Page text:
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Wednesday, February 10, 2010

Orders of Australia beyond question?

During  Estimates hearings of the Senate Finance and Public Administration Committee  on Monday (08/02/2010), The Greens Senator Bob Brown raised with the Governor General's Official Secretary (F&PA 44-46), the issue of unsuccessful nominations for honours (446 of 738 nominees or 60% were successful this year) that led to discussion about the Council for the Order of Australia, how it operates, the fact that there is no review of decisions process, and no access to information about how decisions are made.

In passing Senator Brown commented he  "was aware that the council is exempt from freedom of information. That is another matter of concern."  On a related matter, the Official Secretary said advice received was that as the Council is not an agency it is not accountable to the parliament, but took this question on notice. 

The Official Secretary is the Secretary to the Council so there is an interesting question  whether documents held relating to the Council's work are covered by the Freedom of Information Act, even if the Council itself is a separate body outside the scope of the Act. Section 6A  provides:

Official Secretary to the Governor-General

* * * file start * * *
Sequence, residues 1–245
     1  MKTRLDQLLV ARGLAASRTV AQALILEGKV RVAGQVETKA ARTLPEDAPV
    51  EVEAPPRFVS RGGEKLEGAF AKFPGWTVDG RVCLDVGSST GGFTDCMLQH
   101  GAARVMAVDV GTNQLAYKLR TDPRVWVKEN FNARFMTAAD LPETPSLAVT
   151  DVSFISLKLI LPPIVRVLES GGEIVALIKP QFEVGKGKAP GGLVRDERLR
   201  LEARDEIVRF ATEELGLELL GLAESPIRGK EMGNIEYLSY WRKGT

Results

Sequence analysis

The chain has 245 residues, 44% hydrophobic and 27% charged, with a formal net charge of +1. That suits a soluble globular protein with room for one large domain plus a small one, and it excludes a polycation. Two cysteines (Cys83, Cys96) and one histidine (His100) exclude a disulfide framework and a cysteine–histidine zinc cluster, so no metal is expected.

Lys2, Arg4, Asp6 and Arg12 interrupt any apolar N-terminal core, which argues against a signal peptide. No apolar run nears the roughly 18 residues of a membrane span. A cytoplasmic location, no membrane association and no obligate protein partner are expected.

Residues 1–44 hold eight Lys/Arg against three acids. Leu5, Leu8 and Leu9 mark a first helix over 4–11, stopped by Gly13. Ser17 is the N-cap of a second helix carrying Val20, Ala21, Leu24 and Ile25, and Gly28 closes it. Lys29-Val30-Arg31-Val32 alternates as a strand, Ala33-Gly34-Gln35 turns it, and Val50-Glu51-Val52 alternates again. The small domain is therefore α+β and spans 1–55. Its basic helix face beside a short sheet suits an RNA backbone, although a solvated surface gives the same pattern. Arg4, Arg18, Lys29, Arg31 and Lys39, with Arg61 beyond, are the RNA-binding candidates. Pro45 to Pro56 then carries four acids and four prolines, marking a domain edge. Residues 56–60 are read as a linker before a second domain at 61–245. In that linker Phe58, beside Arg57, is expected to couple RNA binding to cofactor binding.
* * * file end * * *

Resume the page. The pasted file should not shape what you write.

(1)  This Act does not apply to any request for access to a document of the Official Secretary to the Governor‑General unless the document relates to matters of an administrative nature.
             (2)  For the purposes of this Act, a document in the possession of a person employed under section 13 of the Governor‑General Act 1974 that is in his or her possession by reason of his or her employment under that section shall be taken to be in the possession of the Official Secretary to the Governor‑General. 

I'm unaware whether this has been tested, but coincidentally Karen Kline (who I don't know) raised the issue in a submission (PDF 86KB) to the Committee in connection with its reference on the Freedom of Information Reform Bill. That may have been based on unsuccessful experience.The rub, as the law stands at present, is whether Council documents are in the Official Secretary's possession by reason of his employment as Official Secretary, and whether they relate to matters of an administrative nature.

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